Ok, time to catch up. The last several blog entries were written while we were at anchor and then posted once we got back to "civilization".
We decided to head back to the marina on Monday instead of Tuesday. No particular reason except that we were getting anxious to see what the weather conditions were really like. So, after a leisurely breakfast, we hoisted (weighed?) the anchor and headed back to South Beach. The difference in the weather that a couple of miles and a couple of bends in the river make is amazing. It had been pretty pleasant at anchor but the closer we got to Newport, the harder the wind was blowing and the colder it got.
We pulled in to the fuel dock and took on a whopping 4 gallons of diesel. This covers all the fuel we've used since our first trip to the boatyard last year. Looking at the GPS, we've covered about 46 miles in that time. So, we're getting about 11.5 MPG. Of course that also includes the diesel burned in the heater which, although run infrequently, has been run a few times over the last year. Since boat's generally keep track of their fuel consumption in gallons per hour rather than miles per gallon, we can translate the 11.5 MPG to about 0.40 gph based on an average speed of 4.5 knots (a "knot" being 1 nautical mile per hour...no such thing as "knots per hour"). This is about 4/10 of what the owner's manual cites as the normal average consumption. And that's a good thing. Based on these figure we could motor all the way to SF if necessary. We carry 39 gallons in the main tank which should take us most of the way, and then we carry another 20 gallons in jerry jugs on deck which will more than finish the trip. Of course, we hope to not motor the whole way but it's good to know we could if we had to.
After filling the diesel tank and the various gas cans (the little Nissan outboard is going to be so happy), we moved over to the "guest" dock. It was blowing pretty good and I had a little trouble getting in to the first slip but ultimately got into one a bit further down the fairway. Our friend Roger, having spied our telltale green furled headsails, was right there to help us dock and get tied up.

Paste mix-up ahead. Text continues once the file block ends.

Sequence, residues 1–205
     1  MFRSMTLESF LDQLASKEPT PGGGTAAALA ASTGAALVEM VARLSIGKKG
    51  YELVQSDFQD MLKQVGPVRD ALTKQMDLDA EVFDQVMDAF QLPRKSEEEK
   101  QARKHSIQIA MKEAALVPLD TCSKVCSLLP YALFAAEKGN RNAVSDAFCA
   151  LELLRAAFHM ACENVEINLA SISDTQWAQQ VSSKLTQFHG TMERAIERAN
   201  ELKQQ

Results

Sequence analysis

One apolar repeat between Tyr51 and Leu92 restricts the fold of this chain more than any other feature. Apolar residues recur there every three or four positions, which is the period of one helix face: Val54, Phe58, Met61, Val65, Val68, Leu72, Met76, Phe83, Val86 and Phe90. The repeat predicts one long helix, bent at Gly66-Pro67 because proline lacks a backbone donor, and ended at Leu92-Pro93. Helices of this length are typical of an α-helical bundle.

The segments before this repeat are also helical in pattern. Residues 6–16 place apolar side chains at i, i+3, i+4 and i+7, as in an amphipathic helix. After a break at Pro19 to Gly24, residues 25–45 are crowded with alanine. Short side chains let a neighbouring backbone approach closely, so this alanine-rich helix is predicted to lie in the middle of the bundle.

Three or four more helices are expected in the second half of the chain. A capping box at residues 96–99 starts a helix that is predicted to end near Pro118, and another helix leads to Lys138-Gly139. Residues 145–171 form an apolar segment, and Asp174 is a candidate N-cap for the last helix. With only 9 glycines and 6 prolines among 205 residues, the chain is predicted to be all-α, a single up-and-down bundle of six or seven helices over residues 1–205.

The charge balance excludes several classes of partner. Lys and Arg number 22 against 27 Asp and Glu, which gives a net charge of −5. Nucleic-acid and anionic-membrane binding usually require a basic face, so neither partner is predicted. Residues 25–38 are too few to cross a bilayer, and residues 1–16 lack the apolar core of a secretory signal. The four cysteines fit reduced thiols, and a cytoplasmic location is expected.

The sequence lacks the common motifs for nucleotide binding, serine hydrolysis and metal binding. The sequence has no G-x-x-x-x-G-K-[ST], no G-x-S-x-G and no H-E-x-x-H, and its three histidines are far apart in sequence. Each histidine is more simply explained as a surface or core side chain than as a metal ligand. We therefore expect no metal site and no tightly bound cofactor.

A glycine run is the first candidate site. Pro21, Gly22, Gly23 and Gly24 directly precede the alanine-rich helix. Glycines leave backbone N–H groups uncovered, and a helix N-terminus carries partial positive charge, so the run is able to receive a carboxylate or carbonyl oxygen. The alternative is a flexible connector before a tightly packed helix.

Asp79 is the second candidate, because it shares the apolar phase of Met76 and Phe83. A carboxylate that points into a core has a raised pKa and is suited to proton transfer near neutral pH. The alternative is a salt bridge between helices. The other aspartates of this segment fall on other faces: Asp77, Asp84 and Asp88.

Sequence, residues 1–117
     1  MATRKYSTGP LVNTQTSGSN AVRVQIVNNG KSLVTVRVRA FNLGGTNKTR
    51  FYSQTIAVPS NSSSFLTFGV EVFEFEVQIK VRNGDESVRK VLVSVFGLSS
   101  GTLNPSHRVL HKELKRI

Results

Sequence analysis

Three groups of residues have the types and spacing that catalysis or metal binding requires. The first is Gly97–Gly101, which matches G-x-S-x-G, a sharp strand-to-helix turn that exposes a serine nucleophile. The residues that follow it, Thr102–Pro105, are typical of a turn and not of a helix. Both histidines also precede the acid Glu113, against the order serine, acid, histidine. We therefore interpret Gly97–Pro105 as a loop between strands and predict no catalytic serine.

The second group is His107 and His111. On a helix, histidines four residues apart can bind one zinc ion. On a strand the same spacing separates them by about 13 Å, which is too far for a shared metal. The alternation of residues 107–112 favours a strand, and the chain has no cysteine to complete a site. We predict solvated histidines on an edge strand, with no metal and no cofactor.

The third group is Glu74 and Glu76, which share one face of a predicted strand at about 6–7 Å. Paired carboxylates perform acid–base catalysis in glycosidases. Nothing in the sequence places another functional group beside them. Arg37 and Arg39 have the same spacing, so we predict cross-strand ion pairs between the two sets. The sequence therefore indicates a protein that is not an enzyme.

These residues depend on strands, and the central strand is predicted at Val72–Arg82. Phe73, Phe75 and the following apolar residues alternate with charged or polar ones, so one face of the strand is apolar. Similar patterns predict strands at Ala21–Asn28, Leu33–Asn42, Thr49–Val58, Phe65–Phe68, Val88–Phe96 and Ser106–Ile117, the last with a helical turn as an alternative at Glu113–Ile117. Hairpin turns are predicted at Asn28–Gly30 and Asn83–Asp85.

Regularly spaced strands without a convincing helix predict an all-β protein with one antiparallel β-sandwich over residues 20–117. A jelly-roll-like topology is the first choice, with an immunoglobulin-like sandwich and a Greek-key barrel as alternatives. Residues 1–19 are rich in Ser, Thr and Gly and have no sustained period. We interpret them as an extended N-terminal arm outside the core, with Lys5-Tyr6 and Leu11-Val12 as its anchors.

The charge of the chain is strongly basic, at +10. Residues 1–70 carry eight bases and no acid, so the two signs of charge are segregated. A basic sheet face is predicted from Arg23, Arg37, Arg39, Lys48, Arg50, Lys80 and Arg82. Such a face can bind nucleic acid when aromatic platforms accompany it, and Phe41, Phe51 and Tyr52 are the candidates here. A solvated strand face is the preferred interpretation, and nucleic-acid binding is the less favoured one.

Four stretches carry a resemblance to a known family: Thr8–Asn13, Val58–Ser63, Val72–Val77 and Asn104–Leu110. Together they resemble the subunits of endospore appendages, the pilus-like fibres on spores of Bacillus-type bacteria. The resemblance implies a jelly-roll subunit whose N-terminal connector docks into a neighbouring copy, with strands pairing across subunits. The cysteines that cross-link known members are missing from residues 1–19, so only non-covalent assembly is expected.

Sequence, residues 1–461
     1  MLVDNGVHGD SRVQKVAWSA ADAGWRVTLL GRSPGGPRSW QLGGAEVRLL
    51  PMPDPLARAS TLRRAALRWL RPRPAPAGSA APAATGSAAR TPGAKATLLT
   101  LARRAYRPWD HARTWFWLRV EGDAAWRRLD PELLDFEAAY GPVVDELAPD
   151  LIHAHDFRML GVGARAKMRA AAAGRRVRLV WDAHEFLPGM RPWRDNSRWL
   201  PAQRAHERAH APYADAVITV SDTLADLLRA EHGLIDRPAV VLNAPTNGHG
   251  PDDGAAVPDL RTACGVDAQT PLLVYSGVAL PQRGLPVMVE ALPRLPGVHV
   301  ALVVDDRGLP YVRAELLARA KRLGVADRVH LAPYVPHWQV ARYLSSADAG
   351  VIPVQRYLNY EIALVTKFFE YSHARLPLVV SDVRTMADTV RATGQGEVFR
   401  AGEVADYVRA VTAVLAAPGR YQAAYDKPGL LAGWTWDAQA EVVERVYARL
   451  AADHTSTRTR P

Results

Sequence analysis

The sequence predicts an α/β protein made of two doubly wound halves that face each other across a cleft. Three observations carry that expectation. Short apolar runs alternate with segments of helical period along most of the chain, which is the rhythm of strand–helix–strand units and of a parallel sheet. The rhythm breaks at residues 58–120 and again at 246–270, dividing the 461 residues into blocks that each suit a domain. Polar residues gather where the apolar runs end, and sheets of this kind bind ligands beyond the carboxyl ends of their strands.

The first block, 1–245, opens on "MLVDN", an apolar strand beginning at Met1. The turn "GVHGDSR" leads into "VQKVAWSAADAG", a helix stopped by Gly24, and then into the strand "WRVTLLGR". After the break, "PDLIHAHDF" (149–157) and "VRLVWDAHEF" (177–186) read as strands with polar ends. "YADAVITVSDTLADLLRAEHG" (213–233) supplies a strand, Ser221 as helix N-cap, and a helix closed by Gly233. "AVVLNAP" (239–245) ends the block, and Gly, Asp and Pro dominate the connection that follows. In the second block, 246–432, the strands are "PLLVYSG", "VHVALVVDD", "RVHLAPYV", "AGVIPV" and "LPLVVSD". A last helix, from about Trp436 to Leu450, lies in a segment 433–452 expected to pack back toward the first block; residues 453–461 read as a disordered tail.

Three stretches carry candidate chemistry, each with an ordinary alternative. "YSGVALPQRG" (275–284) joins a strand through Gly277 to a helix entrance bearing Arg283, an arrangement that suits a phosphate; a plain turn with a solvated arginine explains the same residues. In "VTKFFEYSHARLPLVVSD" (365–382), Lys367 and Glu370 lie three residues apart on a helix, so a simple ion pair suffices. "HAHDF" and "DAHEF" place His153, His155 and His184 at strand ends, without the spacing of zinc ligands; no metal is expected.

We paid for one day's moorage and then, after checking the weather forecast, increased this to a week. So, here we are, all dressed up and ready to go.
The weather reports still don't look all that promising but we're hoping that by either Friday or Saturday things will have calmed down enough for us to scoot on out. The weather is crazy, though. I get all these forecasts talking about Small Craft Advisories and hazardous seas and such. But when I look out at the ocean it looks pretty flat and relatively placid. If the weather reports tell us that things down below Crescent City have calmed down nicely by Friday or Saturday, then, unless things are REALLY ugly here, we're going to head out. The first day might be kind of bouncy but it should moderate after that. We'll just have to wait and see.
I was pretty sure that we didn't have but a couple of small projects left to do before we set sail. Then our friend Jay loaned me a book called "Offshore Sailing - 200 Essential Passagemaking Tips" by Bill Seifert with Daniel Spurr. After reading through this little manual I'm sure that I'll need another month or two to be really ready. But I'm not falling for it. I took a couple suggestions to heart and I'll file the others away for future reference, but we are definitely not going to hang around until everything the author suggests has been done. But there are a of of good suggestions in the book.
Today we went to town to get some things: spare electric bilge pump, hooks to keep the companionway doors from flopping around, padeyes to hook jacklines to (a jackline is the line that runs the length of the boat that we hook our harnesses to when out on the ocean so that we can't fall off the boat), diver's sheath knives to lash to the mast and somewhere in the cockpit so they'll be readily handy if we need to cut something loose immediately, a 1365 lumen rechargeable handheld spotlight, a pint of Jägermeister (supposed to be good for calming an upset stomach), as well as some milk, half & half, and orange juice. Once we were done with our errands we decided to go for broke and head down to The Sandbar and Grill for a couple brews and a cheeseburger.
I have to tell you about these burgers. We ordered the "Paul's Burger" which is a 1/2 lb. patty. My experience with hamburgers over the past several years is that they are all pretty tasteless. I suspect this is because they all get the same frozen patties from Costco or some such place. They honestly have no flavor. None. Nil. Nada. Nothing. Not so, Paul's Burger. The meat actually tasted like real meat. This seems a small thing but, just because of this one little thing, this was the best burger I've had in years, ever since the surprisingly good ones we had at "101 Camp" outside Beaver, Oregon a number of years ago. They were so surprisingly good that we might, might mind you, have to go back tomorrow and get another one. So, take my advice. If you're ever in Newport and want a really tasty burger, cruise on down to the Sandbar in Nye Beach and have a Paul's Burger. I can't vouch for the 1/3 lb. Sandbar Burger because we didn't have that one. And after eating one of Paul's I can't imagine why I would ever order its little brother.
Okay, now you're up to date. I'm about to head up to the laundry room to send this out, get e-mail and check the weather. Here's hoping for an easing of these freakin' cold wintry winds we've been experiencing.